Bereavement During Childhood: How to Support Young People with Grief
My partner’s children have been grieving the loss of their mother for a year now, and it’s been a difficult road to navigate ever since.
We’ve been shocked at how difficult it’s been to find advice about how to support young people with grief, both online and locally.
The Queen’s recent passing has opened up the conversation of loss across social media, which has included how to support young people with grief.
Grief is different for all of us, but for young people it can be even more complex whilst they’re still trying to learn about the world around them and how to process their emotions.
There’s no wrong or right way to grieve, but it is known that trying to avoid the grief can have long-lasting consequences if a person’s not supported well.
How to Support Young People with Grief
It can be difficult to know how to support young people with grief, especially when it happens unexpectedly, as it did for my stepchildren.
I’ve collated advice on ways to support children and teenagers through grief below, in the hopes it helps others avoid the struggle we’ve had.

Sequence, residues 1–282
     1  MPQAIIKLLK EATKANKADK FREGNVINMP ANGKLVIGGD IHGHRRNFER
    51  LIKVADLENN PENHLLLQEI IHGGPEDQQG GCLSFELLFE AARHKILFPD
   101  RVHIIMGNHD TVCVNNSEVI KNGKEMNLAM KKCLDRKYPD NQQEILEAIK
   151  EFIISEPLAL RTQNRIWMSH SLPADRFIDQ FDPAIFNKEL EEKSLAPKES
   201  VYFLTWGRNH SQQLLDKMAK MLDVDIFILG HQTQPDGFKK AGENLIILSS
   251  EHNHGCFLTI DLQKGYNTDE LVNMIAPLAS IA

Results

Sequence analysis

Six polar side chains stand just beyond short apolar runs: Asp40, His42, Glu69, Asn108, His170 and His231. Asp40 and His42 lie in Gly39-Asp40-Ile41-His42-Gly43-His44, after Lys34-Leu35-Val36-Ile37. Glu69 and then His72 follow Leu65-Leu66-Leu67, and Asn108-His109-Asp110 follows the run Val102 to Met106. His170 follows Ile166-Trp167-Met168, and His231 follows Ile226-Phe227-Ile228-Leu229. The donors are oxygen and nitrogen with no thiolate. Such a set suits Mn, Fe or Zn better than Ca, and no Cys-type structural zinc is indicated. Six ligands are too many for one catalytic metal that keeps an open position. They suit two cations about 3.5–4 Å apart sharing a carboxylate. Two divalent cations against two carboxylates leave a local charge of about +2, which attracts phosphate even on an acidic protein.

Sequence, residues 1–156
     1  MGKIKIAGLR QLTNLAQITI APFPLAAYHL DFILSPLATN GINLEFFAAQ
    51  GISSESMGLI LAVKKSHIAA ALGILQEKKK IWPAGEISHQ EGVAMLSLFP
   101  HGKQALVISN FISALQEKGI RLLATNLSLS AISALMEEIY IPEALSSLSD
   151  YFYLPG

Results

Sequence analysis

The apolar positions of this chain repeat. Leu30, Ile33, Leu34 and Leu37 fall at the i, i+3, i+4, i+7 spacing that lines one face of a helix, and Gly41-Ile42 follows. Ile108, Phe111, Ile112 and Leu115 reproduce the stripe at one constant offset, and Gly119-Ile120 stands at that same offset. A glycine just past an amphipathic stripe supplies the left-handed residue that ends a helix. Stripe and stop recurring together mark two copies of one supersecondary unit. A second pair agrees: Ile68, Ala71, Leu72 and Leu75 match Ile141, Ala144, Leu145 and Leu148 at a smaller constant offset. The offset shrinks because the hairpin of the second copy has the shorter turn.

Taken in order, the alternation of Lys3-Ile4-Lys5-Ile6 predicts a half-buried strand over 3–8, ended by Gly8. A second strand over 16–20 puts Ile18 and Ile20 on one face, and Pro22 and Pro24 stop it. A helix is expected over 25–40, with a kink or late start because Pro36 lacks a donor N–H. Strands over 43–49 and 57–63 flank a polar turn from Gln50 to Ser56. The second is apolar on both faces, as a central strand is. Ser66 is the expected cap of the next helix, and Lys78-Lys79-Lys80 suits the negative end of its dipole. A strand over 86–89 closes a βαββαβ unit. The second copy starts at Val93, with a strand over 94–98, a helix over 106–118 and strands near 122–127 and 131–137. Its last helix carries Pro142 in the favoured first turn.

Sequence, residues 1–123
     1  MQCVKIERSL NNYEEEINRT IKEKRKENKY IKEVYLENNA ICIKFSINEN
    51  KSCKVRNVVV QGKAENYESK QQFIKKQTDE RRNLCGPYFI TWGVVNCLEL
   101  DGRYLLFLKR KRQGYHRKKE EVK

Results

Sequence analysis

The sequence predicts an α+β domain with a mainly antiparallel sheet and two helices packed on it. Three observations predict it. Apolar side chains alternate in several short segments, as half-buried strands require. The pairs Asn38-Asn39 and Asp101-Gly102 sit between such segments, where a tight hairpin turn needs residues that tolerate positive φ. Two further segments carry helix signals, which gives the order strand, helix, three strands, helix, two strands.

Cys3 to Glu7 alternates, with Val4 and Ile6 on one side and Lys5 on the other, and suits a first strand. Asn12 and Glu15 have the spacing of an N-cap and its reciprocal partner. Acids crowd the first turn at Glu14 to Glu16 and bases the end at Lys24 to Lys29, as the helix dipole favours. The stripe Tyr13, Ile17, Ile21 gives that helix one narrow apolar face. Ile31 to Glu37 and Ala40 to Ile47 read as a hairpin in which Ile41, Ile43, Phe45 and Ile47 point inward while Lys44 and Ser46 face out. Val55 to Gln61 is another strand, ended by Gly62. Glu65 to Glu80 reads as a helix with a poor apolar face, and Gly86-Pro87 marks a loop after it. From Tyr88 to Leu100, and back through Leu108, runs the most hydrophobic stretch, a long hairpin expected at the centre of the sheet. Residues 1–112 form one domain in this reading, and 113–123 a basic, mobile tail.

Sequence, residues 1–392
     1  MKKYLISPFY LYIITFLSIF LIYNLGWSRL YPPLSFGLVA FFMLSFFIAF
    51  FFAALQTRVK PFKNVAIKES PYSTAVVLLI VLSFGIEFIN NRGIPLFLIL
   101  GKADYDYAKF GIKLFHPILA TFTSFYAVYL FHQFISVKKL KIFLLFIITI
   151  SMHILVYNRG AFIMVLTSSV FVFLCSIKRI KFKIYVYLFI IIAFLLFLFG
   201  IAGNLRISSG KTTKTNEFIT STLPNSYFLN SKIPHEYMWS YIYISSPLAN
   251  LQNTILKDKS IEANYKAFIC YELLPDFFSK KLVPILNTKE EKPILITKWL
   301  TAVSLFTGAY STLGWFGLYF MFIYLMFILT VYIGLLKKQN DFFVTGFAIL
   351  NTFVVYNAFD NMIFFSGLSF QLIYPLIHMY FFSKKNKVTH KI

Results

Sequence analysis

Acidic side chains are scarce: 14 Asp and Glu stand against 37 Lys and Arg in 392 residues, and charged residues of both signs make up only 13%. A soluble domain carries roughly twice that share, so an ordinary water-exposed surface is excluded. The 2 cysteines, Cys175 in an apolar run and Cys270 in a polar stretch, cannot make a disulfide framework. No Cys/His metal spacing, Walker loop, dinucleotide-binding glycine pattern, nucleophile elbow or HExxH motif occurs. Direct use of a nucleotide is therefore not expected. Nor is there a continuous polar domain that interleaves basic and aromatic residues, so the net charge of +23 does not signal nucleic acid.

This advice has been found from grief specialist organisations (referenced below) and from personal experience of this past year and my within my career as a social worker.
If you have any other advice to add, please use the comment box below so we can make this as resourceful as possible.
How Grief Can Present Across Childhood Stages
What children understand and experience death as tends to be different at each developmental stage:
Whilst this is a very young age, babies can still respond to loss and experience grief.
They might feel the separation if it was somebody who cared for them regularly, such as a parent.
They may interpret this as abandonment, which can cause them anxiety.
Babies quickly work out their primary caregiver is, so if this person dies they can feel distress when other people (who smell, feel and sound different ) look after them.